The movie wasn’t all that expensive, at only $60m, but THR reports that Pararmount doesn’t consider the $153m combined worldwide gross to be impetus enough to make another one. But the film hasn’t yet opened in Japan, China, and Korea, and so there’s a chance that it could still rake in enough to make the $250m the studio would consider to be justification for a sequel. Even if it does hit the financial goal, Paramount and David Ellison’s Skydance Productions will have to negotiate a deal to bring Cruise back, and keep the next film moving at roughly the same cost of the first.
After the break ,
- A new Dan Brown book brings up talk of The Lost Symbol,
- a new G.I. Joe: Retaliation trailer is all action,
- and Arnold Schwarzenegger hand-writes a Twins II / Triplets update.
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Posted on Sunday, December 23rd, 2012 by David Chen
Dave, Devindra, and Adam discuss the politics of Zero Dark Thirty, praise the ingenuity of Girl Walk / All Day, ponder what’s wrong at AMC, and take a look at Tom Cruise’s latest.
You can always e-mail us at slashfilmcast(AT)gmail(DOT)com, or call and leave a voicemail at 781-583-1993.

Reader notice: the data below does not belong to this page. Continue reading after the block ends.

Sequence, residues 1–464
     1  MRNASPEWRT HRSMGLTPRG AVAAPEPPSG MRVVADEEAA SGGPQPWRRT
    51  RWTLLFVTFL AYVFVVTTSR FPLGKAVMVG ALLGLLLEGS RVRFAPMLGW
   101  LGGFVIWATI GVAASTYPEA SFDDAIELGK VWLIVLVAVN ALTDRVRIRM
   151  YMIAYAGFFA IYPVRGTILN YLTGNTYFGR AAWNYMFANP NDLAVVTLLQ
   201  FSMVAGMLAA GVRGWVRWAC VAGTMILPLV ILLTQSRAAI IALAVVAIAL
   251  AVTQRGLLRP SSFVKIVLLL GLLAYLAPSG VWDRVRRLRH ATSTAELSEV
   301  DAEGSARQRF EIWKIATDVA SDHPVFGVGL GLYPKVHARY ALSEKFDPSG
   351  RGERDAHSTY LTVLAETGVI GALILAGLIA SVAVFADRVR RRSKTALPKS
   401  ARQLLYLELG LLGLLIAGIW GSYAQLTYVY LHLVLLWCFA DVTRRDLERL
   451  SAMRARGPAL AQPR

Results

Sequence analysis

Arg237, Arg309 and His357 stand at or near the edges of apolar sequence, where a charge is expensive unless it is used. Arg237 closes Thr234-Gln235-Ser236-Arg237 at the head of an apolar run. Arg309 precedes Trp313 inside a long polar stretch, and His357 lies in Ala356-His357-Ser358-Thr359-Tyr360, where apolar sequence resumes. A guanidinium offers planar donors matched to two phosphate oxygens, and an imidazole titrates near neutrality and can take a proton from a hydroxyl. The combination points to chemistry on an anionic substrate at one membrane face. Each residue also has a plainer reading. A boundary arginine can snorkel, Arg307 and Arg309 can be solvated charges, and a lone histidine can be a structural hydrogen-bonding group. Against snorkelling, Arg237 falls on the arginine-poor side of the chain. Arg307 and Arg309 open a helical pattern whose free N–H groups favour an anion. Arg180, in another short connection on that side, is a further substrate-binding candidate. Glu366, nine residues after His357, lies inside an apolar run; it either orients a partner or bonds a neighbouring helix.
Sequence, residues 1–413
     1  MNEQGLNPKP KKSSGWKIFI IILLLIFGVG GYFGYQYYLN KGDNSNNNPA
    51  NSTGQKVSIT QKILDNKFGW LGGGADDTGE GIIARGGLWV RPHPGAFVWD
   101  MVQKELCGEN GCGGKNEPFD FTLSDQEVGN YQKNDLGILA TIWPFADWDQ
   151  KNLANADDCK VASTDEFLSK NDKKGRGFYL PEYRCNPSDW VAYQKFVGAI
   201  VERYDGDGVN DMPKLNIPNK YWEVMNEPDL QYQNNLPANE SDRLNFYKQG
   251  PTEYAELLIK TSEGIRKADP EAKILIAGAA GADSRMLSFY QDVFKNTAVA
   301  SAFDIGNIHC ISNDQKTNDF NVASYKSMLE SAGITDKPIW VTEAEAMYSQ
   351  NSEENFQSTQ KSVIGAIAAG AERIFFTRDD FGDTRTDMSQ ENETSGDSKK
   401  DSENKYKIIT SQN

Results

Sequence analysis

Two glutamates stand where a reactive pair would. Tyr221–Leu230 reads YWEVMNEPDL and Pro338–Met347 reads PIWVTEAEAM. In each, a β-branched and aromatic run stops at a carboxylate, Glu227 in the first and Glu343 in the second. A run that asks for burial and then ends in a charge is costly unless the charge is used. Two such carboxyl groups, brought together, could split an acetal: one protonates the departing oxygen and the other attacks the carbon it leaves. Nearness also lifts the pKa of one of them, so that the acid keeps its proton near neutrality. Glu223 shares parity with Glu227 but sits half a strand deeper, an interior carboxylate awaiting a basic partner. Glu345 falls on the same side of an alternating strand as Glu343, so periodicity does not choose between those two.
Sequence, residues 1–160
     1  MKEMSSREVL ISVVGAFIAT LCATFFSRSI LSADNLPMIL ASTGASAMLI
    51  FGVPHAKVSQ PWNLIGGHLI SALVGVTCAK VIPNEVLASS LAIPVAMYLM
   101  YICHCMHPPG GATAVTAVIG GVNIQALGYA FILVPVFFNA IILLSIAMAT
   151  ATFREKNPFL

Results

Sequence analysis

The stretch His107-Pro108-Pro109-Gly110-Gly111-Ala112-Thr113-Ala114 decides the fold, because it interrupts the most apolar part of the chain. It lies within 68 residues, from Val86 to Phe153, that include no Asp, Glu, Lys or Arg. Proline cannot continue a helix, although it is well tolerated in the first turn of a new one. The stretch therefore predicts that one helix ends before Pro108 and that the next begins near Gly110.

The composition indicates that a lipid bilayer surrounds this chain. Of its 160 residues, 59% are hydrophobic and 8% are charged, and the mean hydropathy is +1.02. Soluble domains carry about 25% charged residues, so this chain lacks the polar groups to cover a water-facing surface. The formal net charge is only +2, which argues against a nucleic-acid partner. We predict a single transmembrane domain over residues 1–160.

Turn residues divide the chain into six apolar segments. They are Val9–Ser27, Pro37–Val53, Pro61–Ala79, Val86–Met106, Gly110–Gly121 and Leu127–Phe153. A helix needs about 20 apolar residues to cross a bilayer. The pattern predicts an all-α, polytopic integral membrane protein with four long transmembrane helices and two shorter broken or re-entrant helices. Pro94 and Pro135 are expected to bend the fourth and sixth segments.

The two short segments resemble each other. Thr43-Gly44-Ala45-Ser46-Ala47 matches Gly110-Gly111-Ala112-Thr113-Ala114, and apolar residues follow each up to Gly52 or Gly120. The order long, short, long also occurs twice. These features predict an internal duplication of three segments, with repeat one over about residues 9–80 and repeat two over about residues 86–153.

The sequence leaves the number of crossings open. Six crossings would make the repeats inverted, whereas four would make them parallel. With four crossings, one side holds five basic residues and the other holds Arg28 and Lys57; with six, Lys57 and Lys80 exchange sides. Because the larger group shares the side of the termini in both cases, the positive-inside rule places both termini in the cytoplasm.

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Here’s the best trailer yet released for Christopher McQuarrie‘s Jack Reacher, which stars Tom Cruise as Lee Child‘s ultra-capable former military cop Jack Reacher. Unfortunately, for those who haven’t read the source novel One Shot, it’s also the most plot-heavy trailer yet.
While the voiceover narration here is in Japanese, you won’t need a translation to understand that this trailer sets out the first act of the movie pretty much beat by beat. For those who do know the book, this will point out a few more small changes taken on the road to the screen (such as the precise sniping incident that sets the plot in motion) even as it gives a nice little thrill by showing a few more details of the investigation that follows. Read More »